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Microsoft Says Start Button Will Return (with a Catch)

Microsoft yesterday made official one of the worst-kept secrets in the world of Windows these days -- that it's bringing the Start button back when it releases Windows 8.1 later this year. Moreover, users will have the option of booting up to the traditional, or classic, Windows desktop rather than the tile-based modern user interface that defines Windows 8.

But these two changes come with a bit of a caveat. First, the Windows 8.1 Start button will be there but it will use the Windows flag, rather than the old round button used in earlier versions of Windows. And by default, clicking on it will take you to the tile-based interface. In order to have it launch the Windows menu a one-time configuration is required, The New York Times Nick Wingfield reports.

Likewise, Windows 8.1 by default will still boot to the tile-based interface and you'll need to configure it to boot to the traditional desktop. Not a big deal but I anticipate grumbling by some already.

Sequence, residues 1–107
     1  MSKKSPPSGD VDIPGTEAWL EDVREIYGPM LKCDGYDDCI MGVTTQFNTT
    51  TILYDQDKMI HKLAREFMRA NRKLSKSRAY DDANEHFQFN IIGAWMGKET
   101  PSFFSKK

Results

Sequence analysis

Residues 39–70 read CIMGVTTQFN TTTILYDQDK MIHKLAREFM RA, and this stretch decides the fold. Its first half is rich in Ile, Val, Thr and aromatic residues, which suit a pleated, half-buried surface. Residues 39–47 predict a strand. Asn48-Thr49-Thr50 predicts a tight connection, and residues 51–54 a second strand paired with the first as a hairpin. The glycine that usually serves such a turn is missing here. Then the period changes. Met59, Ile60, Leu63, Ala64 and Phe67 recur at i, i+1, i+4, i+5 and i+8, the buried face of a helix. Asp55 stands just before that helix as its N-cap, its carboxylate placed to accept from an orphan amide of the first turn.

The original decision to remove the Start button when releasing Windows 8 angered more than three quarters of Redmond magazine readers, generating more response than any other issue in recent memory. And that response was emotionally charged on both sides of the argument.

Those angered by the move felt Microsoft was making it harder to use Windows in the traditional desktop mode for no beneficial reason. But I heard from plenty of IT pros who felt Microsoft's decision to remove the Start button was necessary to wean users away from it and toward the tile-based touch metaphor. Change happens and we need to adapt to it, the argument went.

But Microsoft failed to realize many business users who have no current need or interest in the tile interface -- and more importantly use machines that are not touch-capable -- resented the removal of the Start button. I happen to like the tile interface. But for applications that run only in the traditional desktop mode, I didn't see the benefit of learning new habits. Nor do I see why leaving it in would discourage me from using the tile interface, which seemed to be Microsoft's concern. Microsoft apparently realized that it was premature to remove the training wheels. I think it was a sensible concession with no downside. Do you?

Posted by Jeffrey Schwartz on 05/31/2013 at 1:15 PM


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